Dams are breaking all over town. Donna Brazile’s new book, “Hacks,” has broken the dam that has been holding back a flood of insider stuff about how the Democratic National Committee smoothed the way for Hillary Clinton to win the party’s presidential nomination last year.
Revelation has followed revelation, and Sen. Bernard Sanders, who insisted at the time that the primaries were rigged, has the consolation now, for whatever it might be worth, that maybe Ms. Brazile had the facts. She should know, because she was once the chairman of the national committee.
Another dam-breaking with long-range consequences has released a flood of President Trump’s judicial appointments. Many Democrats thought enough resistance could cancel the 2016 election. The dam didn’t hold, and the Republicans can thank Harry Reid, the senator from Nevada and the leader of a Democratic majority in the old Senate.
A Senate rule required that a judicial nominee be approved by at least 60 senators, and the Republicans had just enough senators in their minority to deny confirmation by filibustering Barack Obama’s nominations. But it was within the power of the majority to rewrite the rule to eliminate the 60-vote rule. This was the “nuclear option,” so called because neither party wanted nuclear warfare in the Senate until all else failed. In November 2013, Harry Reid, the leader of the Democrats who were then the majority, decided that all else had failed — and pushed the button. Mr. Obama’s nominees were confirmed by a simple majority.
When the Republicans regained the majority in the Senate, Mitch McConnell kept Mr. Reid’s nuclear option and is using it now to break the Democratic threat of filibuster to deny President Trump’s nominees. He used it first to win confirmation of Neil Gorsuch to the U.S. Supreme Court, and that’s how he has won confirmation of five important Trump nominees to U.S. appeals courts: Stephanos Bibas to the 3rd U.S. Circuit Court in Philadelphia, Joan Larsen to the 6th U.S. Circuit Court in Cincinnati, Amy Coney Barrett to the 7th U.S. Circuit Court in Chicago; Allison Eid to the 10th U.S. Circuit Court in Denver, and Trevor McFadden to the U.S. District Court for the District of Columbia.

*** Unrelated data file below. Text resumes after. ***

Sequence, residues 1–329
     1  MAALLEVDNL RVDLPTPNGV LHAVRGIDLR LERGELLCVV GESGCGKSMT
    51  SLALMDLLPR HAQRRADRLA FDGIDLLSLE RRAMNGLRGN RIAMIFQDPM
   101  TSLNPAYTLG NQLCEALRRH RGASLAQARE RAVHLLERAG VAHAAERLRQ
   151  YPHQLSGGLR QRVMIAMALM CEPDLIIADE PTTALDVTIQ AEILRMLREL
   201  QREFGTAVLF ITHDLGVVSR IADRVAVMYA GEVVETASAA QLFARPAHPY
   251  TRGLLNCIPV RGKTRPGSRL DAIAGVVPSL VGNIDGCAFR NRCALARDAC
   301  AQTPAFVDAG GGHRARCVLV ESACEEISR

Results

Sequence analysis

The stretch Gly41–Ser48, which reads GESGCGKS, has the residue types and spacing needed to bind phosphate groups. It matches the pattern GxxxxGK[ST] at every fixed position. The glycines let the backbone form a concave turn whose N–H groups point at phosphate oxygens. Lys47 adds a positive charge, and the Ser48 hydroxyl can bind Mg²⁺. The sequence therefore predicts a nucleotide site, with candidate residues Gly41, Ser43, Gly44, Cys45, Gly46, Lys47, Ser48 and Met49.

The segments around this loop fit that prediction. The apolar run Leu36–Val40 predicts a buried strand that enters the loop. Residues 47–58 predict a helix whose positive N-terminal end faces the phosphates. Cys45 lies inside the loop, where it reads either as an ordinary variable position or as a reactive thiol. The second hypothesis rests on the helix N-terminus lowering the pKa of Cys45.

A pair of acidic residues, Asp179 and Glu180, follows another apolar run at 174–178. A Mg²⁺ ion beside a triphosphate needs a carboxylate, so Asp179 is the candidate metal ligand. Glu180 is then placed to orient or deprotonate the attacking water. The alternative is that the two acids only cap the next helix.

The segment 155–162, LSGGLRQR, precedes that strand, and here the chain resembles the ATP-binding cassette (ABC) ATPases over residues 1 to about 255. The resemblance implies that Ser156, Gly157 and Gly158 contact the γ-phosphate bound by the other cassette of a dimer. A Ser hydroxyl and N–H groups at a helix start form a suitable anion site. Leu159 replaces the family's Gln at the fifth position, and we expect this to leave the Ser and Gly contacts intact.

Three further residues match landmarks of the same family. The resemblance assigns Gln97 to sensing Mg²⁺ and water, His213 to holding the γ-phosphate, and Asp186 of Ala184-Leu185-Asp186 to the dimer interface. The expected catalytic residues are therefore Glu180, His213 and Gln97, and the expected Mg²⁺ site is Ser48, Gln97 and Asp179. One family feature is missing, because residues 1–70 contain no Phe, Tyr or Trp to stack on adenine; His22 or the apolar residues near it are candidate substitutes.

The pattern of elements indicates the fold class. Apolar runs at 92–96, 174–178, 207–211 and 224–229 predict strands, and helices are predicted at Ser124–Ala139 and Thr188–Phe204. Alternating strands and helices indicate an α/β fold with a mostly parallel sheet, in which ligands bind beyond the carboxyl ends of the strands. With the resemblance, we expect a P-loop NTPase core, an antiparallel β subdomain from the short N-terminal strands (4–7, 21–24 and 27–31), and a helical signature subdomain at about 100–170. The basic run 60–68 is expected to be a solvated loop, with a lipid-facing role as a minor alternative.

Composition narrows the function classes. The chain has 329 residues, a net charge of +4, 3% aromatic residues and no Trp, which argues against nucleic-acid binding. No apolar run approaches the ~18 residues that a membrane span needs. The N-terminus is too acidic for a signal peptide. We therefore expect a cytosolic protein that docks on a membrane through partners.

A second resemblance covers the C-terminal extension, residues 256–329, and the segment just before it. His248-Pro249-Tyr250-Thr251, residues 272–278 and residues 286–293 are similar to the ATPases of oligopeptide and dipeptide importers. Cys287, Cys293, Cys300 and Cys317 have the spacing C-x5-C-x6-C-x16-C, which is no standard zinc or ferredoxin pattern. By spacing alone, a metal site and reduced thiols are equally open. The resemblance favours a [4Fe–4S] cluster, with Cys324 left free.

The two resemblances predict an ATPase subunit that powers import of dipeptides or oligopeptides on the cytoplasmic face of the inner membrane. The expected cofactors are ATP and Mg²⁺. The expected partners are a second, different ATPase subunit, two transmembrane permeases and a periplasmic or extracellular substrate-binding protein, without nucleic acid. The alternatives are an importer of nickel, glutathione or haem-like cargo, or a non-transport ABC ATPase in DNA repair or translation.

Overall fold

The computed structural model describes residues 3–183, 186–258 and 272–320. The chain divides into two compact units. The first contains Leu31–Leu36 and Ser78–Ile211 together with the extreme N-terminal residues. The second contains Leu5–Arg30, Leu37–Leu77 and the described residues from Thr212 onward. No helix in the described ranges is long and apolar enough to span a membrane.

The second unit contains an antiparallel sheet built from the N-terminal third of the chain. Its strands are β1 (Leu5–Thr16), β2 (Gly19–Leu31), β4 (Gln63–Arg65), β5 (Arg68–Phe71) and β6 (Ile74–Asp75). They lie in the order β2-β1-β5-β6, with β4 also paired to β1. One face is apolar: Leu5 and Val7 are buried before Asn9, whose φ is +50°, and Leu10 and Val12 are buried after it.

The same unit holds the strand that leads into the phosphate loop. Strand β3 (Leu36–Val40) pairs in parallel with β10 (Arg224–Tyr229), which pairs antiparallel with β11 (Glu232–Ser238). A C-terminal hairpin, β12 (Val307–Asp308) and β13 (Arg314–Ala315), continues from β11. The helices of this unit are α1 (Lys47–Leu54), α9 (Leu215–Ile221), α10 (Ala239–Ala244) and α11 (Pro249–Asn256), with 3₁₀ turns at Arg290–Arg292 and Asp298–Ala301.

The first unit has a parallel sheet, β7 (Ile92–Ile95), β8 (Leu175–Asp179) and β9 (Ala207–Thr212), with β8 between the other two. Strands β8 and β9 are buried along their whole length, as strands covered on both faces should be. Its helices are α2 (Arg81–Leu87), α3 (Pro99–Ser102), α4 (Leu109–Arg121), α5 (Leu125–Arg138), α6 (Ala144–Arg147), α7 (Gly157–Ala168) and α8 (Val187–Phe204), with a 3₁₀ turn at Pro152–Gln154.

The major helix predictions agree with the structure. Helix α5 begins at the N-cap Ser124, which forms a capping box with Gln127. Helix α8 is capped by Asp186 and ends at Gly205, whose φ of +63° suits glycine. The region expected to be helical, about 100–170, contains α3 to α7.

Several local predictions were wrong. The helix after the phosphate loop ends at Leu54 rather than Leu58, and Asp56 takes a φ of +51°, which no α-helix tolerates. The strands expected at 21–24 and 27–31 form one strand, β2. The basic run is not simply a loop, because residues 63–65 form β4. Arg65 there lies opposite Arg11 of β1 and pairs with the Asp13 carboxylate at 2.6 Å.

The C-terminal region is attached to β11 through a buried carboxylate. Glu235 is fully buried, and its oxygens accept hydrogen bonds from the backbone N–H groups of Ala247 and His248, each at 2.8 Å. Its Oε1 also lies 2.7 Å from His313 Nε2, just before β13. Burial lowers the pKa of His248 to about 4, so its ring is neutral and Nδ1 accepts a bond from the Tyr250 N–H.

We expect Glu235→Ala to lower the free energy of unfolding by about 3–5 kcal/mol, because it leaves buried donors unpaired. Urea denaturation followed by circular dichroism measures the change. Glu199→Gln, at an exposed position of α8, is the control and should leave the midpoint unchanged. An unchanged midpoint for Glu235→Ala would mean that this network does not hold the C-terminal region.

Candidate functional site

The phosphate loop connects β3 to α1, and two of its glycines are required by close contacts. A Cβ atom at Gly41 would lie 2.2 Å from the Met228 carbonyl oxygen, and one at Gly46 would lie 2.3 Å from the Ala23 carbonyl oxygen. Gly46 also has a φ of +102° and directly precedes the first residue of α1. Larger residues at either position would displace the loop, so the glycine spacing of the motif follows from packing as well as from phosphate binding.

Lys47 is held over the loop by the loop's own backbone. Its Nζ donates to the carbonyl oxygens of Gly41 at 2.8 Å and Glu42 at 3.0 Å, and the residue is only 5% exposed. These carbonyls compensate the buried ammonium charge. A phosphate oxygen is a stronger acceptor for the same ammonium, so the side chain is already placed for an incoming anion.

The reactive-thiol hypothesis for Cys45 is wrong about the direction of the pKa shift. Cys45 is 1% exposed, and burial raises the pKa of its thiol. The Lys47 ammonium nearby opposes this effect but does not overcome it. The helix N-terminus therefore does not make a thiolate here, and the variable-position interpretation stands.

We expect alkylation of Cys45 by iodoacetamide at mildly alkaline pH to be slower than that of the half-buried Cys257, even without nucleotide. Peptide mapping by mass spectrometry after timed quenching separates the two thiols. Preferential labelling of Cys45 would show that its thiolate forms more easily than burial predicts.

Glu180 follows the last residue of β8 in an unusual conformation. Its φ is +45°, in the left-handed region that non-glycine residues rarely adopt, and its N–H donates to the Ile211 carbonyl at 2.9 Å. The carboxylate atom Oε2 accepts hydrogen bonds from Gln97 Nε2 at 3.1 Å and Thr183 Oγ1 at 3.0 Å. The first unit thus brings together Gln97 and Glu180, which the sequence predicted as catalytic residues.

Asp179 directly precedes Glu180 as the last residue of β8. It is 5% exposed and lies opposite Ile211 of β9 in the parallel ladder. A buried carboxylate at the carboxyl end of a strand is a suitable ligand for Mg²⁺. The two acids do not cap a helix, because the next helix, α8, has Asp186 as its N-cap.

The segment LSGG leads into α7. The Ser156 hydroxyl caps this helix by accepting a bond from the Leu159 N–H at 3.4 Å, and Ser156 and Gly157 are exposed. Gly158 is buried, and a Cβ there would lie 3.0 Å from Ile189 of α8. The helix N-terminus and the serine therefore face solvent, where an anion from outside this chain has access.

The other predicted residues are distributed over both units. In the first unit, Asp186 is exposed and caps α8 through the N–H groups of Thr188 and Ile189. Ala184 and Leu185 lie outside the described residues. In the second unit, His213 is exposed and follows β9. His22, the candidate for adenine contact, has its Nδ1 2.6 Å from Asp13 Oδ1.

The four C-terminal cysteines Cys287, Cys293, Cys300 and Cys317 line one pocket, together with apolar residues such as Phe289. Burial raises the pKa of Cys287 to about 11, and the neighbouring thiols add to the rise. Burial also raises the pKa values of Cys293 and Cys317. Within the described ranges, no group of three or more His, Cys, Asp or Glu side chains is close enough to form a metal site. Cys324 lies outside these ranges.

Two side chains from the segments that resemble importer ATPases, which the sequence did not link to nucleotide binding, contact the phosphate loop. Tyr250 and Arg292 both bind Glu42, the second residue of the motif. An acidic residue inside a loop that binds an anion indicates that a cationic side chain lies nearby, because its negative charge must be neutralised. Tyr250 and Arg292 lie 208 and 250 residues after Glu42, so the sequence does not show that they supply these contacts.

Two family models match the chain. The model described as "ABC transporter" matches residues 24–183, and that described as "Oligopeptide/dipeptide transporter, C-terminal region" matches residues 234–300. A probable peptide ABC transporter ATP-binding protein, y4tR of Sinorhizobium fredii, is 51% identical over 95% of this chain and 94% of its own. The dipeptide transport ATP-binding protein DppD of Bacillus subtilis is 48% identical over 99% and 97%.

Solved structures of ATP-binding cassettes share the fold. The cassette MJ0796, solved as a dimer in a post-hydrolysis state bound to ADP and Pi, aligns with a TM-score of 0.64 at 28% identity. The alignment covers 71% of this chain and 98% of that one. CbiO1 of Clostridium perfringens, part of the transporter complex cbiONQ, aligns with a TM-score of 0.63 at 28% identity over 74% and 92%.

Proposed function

This brings the number of Mr. Trump’s confirmed judicial appointments to 13, more than those of his four immediate predecessors at the comparable point in their presidencies. But there are others. Forty-nine judicial nominees are waiting confirmation, and there are 98 vacancies waiting for an appointment. Most of the handful of Democrats who voted “aye” for these five nominees are up for re-election in states won last year by Mr. Trump.
Some Democrats, who didn’t complain when Harry Reid invoked the nuclear option, are unhappy now. Vanita Gupta, president of the Leadership Conference on Civil and Human Rights, with considerable chutzpah, says Mrs. Barrett’s “record demonstrates a dangerous lack of deference to long-standing precedent and judicial restraint.”
Marge Baker, a vice president of the People For the American Way, is already shuddering at the prospect of Leonard Steven Grasz, a former chief deputy attorney general of Nebraska, becoming a judge on the 8th U.S. Circuit Court of Appeals in St. Louis. She thinks Mr. Grasz won’t put aside his personal views as a federal judge. “This is someone who neutral observers agree would be a biased partisan in a black robe,” she says. Bias can sometimes be OK, but it has to be bias in the right direction.
What the Democrats are actually learning, to their pain and chagrin, is that what goes around comes around. That’s news all partisans can use.